It may still be a little rough around the edges, and - barring the odd well - timed/lucky slide tackle - defending is largely a case of holding down one or two buttons. Shielding the ball while team-mates find space is commonplace, and you can also manually set a player off on a run using the right stick, something that in practice is a bit like patting your head while stroking your stomach.

While it’s harder to pull off the through ball, play does often get pushed wide, and a whipped cross-in is frequently successful, even if it does sometime feel like the ‘wrong’ player scored.

Speed down the wings and heading ability is of the essence, so a nippy winger like Theo Walcott combined with an alehouse striker such as Andy Carroll can reap dividends. You can leave team matters to your coach, although you may do so at your peril given that ours dropped Carroll following a four-goal salvo in a European Championship semi-final.

Football Life

With a solid core game in place, the rest is just details, much like DVD extras. But there are a lot of them, with numerous different ways to test your skill. Licence-wise, in the Premier League only Tottenham Hotspur and Manchester United remain unbutchered, with the traditional embarrassment of such fixtures as North West London versus Northlack C, otherwise known as QPR v Norwich.

PES does an accurate Champions League however, and there’s also a fully-licensed South American equivalent, the Copa Santander Libertadores, which if nothing else gives you the chance to see where aging ex-Premiership stars have ended up.

Commentary-wise, PES has never matched up to FIFA, and while Jon Champion and Jim Beglin are unlikely to ever have their own show, they provide some reasonably reactive chat, such as criticising you for attempting to walk the ball into the net, and namechecking players who have scored or provided assists. In terms of bon mots, it’s a toss-up between being constantly reminded that Manchester United are the biggest club in the world or that Spain don’t actually have a national stadium.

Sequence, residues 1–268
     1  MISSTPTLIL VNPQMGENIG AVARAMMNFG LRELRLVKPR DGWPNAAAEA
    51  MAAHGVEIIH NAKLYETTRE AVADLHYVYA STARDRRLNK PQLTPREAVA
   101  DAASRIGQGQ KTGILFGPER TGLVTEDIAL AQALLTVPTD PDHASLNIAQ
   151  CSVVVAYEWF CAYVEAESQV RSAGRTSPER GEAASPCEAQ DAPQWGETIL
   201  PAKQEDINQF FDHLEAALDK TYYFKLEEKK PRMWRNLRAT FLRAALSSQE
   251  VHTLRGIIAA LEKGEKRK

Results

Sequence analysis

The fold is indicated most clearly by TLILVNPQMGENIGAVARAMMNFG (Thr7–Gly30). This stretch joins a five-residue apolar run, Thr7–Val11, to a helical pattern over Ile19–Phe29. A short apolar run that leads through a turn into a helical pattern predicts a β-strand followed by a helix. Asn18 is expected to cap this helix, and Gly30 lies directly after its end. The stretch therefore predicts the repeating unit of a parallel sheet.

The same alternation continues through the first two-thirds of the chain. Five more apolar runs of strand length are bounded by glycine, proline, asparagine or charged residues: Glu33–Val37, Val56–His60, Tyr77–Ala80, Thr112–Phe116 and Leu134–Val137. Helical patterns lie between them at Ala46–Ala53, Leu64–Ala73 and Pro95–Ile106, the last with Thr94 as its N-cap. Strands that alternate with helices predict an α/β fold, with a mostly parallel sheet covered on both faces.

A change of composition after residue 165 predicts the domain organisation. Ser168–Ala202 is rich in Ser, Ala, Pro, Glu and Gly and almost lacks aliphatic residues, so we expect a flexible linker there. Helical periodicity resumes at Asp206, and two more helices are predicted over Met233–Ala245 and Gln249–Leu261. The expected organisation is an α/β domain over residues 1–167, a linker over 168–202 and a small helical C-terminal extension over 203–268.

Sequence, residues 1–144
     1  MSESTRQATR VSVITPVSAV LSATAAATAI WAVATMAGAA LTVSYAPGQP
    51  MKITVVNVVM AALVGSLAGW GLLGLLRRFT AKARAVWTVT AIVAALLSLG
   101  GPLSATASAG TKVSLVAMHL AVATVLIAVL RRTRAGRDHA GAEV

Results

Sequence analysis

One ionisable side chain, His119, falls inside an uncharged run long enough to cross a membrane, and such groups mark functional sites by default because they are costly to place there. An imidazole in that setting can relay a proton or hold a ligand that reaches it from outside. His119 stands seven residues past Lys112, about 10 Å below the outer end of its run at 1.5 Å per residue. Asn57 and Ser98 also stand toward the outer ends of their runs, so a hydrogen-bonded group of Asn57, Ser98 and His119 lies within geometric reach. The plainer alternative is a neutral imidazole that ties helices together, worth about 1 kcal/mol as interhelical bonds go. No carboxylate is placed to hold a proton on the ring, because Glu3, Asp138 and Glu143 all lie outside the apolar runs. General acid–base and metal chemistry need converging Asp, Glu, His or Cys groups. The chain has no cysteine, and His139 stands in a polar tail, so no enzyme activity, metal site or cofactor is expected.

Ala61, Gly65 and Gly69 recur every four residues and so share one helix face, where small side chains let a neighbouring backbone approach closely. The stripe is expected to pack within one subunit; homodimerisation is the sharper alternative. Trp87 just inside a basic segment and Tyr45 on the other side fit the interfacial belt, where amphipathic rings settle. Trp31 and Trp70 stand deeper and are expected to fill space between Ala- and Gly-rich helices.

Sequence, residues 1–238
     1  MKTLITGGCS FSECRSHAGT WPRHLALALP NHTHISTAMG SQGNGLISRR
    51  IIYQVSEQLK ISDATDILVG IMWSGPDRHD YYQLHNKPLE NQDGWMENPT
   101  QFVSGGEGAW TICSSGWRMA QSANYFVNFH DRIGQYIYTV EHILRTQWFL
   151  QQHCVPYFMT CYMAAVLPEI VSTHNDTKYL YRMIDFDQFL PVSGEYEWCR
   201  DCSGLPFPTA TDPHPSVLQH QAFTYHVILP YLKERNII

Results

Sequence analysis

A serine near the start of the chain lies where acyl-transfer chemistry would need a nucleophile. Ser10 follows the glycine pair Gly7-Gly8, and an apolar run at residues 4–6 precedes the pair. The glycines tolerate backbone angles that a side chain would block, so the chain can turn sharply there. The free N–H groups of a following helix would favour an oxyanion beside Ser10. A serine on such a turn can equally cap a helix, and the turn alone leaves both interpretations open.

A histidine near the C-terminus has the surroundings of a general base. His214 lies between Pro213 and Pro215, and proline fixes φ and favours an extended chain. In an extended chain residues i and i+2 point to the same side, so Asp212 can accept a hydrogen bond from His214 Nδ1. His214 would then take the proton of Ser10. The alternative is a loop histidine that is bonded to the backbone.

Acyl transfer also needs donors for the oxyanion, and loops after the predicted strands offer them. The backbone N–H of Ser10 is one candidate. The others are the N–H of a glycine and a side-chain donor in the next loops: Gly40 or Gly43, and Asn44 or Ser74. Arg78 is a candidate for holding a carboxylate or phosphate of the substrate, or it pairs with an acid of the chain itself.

There’s another stab at the Become A Legend mode, where you play as a single player, which is by and large an exercise in frustration, even if you can add a more personal feel by badly scanning your face in.

As for the life-sapping stuff, it falls under the banner of Football Life, which offers the black hole that is the Master League, as well as its reasonably compelling online equivalent. There’s also something called Boss Mode, an utterly banal exercise in non-interactivity where you play the role of interfering chairman, your options limited to sorting out some advertising, signing players that the manager doesn’t want, or pressurising him to play a certain way. A further reminder of the game’s Japanese weirdness comes with the option to download the soundtrack to Frogger. Not, as they say, a deal breaker.


With FIFA virtually mathematically safe, PES has had to rebuild. Finally, this season the green shoots of recovery have burst forth to the extent that it is as least competitive once more.

Indeed, many may be tempted by the hi-octane spills and thrills as opposed to the stifling simulation of FIFA. A hugely playable game allied to a series of in-depth career modes make this year’s model a genuine contender. Whisper it softly, but PES is back.

Writing by Steve Hill.